I hate to disabuse anyone of their opinions but there are more than one defintion of death and as The Intensive Care Manual by T.E.Oh states - there is no deistinction made between brain stem death and brain death. This is an Australian text Hickey (The Clinical Practice of Neurological and Neurosurgical Nursing) is American and it states that there must be absence of brain stem and coritcal activity whilst Lindsay Bone and Callander (Neurology and Neurosurgery Illustrated) is English and only outlines testing for brain stem function. Certainly in Australia and as far as I know England, we do NOT perform routine EEG's when testing for brain death. America, from the texts, this is standard practice. (I am unsure about Canada maybe someone will enlighten me LOL).

    Even though we only test for brain stem function it is agreed that abscence of brain stem function is incompatable with life.

    I know Hickey does have a section discussing the research that shows alteration in vital signs of comatose severely head injured patients when family and vistors have spoken to them but at the moment I can't remember where in that darn booK I saw this.

    Yes hearing IS the last sense to be affected and so we nurse all neuro patients as if they can hear - as for talking to the brain dead patient - I have been there with many many brain dead patients and at that point I always consider that I am nursing the family more than the patient. My role shifts from care of patient to care of family because we have to get that family to accept social death before actual death. The normal events of life are actual death followed by social death as the family and society come to accept loss. My interactions therefor are guided by the relatives. If there is a difficulty with them accepting brain death I will encourage the family to say the last goodbyes but not address the patient directly myself. If however the family are more accepting I will join them in talking to and about the patient. I will talk to the patient when the family is not present as once again it shows respect and you never know - the spirit may be watching.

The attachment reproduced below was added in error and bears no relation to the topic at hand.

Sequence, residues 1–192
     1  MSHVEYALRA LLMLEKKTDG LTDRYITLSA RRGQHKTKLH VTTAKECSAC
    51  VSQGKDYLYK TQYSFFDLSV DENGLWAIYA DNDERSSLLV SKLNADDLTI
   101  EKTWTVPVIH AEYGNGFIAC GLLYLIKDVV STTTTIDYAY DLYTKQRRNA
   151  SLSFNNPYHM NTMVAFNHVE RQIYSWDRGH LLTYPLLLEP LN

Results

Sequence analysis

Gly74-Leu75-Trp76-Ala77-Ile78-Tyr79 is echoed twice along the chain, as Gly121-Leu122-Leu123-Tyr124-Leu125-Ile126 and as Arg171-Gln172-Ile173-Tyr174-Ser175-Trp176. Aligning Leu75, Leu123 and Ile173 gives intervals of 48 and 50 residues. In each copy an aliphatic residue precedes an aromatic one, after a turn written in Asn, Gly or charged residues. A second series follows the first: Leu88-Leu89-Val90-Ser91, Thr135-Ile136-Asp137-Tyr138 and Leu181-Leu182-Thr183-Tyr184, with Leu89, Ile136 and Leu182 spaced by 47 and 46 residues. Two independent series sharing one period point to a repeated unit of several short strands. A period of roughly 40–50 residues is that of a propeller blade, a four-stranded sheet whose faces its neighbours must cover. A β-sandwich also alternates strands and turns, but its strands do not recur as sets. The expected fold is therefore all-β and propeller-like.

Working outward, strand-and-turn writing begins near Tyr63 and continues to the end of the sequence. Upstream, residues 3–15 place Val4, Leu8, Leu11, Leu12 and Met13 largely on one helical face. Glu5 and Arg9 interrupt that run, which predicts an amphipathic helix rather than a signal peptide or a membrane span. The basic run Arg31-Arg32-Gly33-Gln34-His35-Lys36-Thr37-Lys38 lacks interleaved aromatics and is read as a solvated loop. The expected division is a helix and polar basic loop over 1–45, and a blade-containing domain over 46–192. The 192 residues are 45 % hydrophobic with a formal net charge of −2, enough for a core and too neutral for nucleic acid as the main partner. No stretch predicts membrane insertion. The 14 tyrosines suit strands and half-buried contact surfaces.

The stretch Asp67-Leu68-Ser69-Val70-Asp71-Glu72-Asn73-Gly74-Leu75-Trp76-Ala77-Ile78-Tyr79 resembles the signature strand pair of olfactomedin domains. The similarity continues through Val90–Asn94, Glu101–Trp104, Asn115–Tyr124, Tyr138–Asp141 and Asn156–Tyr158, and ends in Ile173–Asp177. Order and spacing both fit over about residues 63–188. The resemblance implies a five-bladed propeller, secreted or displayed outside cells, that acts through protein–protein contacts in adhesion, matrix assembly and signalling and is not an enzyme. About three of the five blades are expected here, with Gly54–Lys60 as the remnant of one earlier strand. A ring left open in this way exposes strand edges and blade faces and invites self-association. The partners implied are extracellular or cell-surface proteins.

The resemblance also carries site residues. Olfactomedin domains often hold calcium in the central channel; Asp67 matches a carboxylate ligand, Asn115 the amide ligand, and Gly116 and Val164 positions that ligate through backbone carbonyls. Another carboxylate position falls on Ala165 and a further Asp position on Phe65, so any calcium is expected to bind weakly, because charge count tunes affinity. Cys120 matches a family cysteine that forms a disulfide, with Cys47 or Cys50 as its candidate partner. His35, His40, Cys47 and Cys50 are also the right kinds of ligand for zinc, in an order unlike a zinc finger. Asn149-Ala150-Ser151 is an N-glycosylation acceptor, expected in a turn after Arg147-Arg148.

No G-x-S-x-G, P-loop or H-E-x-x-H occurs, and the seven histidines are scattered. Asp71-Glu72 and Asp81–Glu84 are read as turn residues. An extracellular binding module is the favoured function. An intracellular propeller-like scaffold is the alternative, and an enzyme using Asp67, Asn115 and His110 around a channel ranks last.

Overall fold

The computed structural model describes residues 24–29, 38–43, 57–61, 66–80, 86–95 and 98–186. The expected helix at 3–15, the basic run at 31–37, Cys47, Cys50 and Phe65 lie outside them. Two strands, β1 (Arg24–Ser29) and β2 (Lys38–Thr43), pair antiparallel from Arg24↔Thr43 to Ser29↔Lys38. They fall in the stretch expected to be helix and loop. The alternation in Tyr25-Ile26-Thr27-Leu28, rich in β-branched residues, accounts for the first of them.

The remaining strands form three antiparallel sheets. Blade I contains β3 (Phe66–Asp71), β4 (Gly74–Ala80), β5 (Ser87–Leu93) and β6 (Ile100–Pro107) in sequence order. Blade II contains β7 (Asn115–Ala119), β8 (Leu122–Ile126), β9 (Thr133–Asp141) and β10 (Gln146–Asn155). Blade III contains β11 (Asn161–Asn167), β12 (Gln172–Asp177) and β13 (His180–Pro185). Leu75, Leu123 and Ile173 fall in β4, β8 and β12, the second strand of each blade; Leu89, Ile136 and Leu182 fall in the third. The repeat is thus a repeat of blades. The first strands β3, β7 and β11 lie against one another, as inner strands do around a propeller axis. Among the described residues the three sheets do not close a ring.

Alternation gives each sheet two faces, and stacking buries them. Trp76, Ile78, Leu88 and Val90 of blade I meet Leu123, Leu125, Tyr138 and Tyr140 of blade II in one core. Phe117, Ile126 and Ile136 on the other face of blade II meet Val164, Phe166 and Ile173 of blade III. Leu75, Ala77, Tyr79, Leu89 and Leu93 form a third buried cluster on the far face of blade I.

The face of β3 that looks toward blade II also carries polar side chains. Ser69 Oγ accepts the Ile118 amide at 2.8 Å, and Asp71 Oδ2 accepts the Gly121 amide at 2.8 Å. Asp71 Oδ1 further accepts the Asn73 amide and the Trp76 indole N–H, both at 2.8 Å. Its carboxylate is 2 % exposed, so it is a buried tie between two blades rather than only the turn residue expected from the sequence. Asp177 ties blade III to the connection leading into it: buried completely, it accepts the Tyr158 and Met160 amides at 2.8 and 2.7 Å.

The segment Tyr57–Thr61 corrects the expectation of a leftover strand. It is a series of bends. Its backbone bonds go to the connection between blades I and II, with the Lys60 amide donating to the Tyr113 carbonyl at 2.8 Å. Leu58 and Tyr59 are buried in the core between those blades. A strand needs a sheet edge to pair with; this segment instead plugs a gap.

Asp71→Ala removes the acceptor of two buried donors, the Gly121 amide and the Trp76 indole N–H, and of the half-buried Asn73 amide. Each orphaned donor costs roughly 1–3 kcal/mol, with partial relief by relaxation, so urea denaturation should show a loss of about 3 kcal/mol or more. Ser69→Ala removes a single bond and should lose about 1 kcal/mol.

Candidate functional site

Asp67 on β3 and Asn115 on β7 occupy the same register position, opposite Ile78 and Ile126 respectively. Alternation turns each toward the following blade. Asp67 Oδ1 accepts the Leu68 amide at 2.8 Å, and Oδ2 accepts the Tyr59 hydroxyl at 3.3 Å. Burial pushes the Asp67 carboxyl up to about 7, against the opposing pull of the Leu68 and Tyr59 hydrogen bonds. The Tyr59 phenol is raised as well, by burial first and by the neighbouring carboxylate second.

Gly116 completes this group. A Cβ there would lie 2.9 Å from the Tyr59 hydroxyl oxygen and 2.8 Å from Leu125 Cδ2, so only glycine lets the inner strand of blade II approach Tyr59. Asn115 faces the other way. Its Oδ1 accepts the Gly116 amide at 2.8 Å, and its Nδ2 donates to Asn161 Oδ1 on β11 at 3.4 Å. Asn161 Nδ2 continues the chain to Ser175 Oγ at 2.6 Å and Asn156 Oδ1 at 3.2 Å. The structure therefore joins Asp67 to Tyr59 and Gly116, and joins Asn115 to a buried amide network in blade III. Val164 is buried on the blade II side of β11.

Why then do we not make a distiction between brain death and brain stem death???
    gwenith, i'm not sure i understand your question. if there is no activity in the brain stem, where are most primal functions originate, then yes, the entire brain would be incompatible with life.....is that disputed?

    leslie
  15. Visit  gwenith profile page
    0
    No mate it is not it is just that there is a difference that here we do not do EEGs because we are uninterested in finding out if there is any residual cortical activity whereas, from what I gather some areas of the US an EEG is required to ensure that there is no brain activity in any part of the brain.